Centers for Disease Control and Prevention (CDC) had a total death count of 486,466 as of 4:30 p.m. The CDC is expected to report a 500,000 death toll in the next few days.
Worldometer said their number is updated constantly because they monitor daily reports released by local authorities, while “national aggregates often lag behind.”
The European Union reported last week that more than 500,000 people had died there from the CCP virus.
The death toll in Latin America surpassed half a million on Dec. 29, according to Reuters.
The CCP virus has killed over 2.4 million people worldwide so far, data shows.
The United States reached 400,000 deaths on Jan. 19, less than a year after the first death was reported.
The first known deaths from the CCP virus in the United States were in early February 2020, both in Santa Clara County, California.
It took four months to reach the first 100,000 deaths, but just 30 days to go from 400,000 to 500,000.
The CDC data shows 55.2 million vaccines have been administered so far.
On Tuesday, President Joe Biden said that COVID-19 vaccines would be available for every American by the end of July.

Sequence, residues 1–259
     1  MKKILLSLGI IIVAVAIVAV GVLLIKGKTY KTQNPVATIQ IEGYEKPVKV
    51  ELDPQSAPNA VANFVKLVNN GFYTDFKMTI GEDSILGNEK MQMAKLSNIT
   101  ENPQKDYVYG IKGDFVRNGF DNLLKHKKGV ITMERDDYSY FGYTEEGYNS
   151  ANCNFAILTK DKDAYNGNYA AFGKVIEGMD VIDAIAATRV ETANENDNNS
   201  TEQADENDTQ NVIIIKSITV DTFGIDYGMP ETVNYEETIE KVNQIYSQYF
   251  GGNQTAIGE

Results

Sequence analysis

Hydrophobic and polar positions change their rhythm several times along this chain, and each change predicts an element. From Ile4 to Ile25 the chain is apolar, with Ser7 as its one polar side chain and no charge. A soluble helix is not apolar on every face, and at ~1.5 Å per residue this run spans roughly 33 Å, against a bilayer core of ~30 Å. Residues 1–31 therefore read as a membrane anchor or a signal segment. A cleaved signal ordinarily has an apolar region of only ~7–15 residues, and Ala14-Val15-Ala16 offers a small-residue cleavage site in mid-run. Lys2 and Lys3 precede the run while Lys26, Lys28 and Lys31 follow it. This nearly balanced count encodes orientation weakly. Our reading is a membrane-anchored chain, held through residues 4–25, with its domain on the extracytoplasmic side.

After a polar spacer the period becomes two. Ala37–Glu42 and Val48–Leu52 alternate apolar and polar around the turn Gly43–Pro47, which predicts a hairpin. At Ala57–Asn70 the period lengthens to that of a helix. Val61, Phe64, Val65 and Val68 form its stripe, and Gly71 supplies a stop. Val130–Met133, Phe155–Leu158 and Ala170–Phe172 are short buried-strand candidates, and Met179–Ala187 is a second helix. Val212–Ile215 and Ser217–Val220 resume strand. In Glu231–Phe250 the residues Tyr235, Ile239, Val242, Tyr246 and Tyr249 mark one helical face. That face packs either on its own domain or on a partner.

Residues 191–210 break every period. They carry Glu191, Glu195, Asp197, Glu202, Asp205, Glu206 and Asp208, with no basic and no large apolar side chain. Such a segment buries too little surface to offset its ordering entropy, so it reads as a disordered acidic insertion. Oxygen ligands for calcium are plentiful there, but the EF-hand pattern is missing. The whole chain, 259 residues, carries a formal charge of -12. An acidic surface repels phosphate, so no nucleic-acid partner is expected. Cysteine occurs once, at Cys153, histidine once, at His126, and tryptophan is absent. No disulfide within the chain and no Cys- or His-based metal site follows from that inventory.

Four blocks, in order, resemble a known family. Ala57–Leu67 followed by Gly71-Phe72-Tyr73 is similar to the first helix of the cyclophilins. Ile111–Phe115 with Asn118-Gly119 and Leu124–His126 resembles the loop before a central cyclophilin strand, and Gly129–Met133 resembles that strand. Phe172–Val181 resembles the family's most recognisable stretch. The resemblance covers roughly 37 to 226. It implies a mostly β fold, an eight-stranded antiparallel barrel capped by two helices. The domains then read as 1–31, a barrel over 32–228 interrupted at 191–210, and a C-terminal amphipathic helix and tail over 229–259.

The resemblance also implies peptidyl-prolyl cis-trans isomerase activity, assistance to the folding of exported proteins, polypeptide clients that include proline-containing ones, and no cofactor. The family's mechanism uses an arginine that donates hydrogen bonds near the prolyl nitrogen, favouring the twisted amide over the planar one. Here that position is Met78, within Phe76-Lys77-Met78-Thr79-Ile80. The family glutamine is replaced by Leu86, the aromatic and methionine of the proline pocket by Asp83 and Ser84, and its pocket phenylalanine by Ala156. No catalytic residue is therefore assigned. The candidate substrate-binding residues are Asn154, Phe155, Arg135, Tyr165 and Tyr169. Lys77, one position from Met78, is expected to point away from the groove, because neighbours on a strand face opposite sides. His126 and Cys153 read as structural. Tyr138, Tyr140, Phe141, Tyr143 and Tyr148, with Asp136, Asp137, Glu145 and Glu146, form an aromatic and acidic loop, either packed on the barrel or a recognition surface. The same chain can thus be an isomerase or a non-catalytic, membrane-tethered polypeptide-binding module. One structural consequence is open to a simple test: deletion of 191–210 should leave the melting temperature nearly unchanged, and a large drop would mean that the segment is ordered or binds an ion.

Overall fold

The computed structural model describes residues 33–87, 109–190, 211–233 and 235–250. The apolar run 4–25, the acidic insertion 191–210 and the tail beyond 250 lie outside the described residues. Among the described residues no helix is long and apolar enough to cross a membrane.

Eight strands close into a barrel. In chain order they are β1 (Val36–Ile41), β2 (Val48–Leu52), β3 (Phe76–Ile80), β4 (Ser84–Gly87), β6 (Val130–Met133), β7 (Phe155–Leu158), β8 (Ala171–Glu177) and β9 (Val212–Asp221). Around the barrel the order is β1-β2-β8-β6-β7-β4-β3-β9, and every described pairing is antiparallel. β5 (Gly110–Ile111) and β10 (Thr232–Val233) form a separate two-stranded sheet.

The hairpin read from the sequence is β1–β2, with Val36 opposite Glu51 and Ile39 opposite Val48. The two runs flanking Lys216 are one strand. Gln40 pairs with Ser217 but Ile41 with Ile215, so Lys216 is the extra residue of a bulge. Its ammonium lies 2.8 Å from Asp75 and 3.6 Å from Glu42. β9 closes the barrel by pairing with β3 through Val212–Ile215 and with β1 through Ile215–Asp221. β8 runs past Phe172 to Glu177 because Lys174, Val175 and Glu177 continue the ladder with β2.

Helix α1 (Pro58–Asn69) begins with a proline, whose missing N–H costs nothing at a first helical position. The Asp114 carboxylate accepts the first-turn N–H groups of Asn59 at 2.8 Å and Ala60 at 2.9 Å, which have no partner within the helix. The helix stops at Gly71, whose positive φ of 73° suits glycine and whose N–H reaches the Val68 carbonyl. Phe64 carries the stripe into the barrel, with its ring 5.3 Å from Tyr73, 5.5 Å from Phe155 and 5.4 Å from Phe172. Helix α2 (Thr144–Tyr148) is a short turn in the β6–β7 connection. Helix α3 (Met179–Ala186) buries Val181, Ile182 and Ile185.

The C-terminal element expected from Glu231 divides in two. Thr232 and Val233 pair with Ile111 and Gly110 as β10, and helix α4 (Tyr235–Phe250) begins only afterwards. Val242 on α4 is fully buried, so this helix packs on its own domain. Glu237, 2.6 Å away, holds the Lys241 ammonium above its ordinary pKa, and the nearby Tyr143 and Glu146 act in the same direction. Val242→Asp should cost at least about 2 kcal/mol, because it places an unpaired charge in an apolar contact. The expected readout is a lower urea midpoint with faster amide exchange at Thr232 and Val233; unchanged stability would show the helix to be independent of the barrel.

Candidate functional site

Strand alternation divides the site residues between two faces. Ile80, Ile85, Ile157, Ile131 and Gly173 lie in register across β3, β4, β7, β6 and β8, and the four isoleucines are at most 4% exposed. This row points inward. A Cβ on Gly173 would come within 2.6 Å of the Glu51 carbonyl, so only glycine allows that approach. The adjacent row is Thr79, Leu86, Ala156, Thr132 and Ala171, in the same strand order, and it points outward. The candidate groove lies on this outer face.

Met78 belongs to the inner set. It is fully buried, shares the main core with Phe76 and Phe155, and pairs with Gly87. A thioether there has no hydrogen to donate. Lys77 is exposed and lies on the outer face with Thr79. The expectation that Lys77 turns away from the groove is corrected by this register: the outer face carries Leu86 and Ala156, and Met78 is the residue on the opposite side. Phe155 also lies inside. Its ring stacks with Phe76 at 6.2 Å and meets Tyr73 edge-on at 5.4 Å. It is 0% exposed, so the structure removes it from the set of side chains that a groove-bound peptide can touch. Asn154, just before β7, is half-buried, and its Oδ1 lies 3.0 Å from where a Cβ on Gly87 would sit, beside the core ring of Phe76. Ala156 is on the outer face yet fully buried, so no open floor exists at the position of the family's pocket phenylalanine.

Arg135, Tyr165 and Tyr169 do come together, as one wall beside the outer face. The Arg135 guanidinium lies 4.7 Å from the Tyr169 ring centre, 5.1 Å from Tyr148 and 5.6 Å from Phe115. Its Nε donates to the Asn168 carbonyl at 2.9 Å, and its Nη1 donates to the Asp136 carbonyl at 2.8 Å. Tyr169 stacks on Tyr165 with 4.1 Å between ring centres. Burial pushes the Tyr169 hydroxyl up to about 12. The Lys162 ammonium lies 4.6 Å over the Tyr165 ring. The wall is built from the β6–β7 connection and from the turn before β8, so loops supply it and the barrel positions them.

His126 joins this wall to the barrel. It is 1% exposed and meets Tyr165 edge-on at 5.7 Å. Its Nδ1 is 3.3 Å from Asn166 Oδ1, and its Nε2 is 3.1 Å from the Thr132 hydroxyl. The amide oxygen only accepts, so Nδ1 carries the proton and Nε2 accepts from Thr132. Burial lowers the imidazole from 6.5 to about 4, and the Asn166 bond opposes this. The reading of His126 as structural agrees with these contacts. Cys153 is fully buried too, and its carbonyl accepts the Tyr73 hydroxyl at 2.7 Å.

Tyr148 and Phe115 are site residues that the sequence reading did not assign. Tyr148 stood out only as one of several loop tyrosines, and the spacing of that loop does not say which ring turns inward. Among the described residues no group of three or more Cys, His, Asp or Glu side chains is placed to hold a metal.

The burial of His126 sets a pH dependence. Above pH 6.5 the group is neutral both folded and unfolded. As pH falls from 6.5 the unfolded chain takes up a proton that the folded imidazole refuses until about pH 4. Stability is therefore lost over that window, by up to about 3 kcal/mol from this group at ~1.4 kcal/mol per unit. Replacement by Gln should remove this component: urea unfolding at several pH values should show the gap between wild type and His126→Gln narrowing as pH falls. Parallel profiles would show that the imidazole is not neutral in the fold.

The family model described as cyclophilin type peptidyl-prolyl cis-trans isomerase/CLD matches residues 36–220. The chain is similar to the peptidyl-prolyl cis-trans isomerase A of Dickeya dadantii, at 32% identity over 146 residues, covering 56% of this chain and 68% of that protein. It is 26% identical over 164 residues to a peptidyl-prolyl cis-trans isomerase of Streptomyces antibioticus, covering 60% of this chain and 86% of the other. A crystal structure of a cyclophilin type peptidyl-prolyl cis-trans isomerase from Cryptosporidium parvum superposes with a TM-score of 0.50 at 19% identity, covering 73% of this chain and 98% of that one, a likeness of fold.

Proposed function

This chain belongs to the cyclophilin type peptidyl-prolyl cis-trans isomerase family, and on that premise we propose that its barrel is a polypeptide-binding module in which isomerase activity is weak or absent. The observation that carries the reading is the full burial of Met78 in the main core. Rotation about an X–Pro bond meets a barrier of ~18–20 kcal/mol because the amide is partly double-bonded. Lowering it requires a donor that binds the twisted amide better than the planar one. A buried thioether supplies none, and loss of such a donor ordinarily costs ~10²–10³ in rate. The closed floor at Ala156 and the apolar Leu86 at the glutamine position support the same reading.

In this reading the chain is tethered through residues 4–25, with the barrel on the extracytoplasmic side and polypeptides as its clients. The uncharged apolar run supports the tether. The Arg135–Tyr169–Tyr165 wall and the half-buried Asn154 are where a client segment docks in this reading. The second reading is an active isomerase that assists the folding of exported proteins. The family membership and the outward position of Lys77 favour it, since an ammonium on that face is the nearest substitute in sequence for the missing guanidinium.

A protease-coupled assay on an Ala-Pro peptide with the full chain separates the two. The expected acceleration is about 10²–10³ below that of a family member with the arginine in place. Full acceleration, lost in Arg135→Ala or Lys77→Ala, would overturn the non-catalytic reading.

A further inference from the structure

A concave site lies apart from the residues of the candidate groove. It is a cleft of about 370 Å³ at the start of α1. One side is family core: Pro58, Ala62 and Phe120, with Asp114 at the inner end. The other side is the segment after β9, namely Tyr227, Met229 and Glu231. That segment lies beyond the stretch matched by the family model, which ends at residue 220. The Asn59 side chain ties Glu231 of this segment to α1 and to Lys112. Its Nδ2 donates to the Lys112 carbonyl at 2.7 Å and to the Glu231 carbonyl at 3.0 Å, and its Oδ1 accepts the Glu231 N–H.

“By the end of July, we’ll have over 600 million doses, enough to vaccinate every single American,” Biden said at the CNN town hall event in Wisconsin.
Biden pointed out that with the vaccines, there’s a “high probability” that the transmission of COVID-19 will “diminish considerably because of what they call herd immunity.”
“If that works that way, as my mother would say, with the grace of God and the goodwill of the neighbors, that by next Christmas, I think we’ll be in a very different circumstance, God willing, than we are today,” Biden added.
However, scientists suspect a strain first detected in South Africa may diminish the protective effect of some of the coronavirus vaccines. That variant has also been identified in the United States in a limited number of cases.
Zachary Stieber and Associated Press contributed to this report.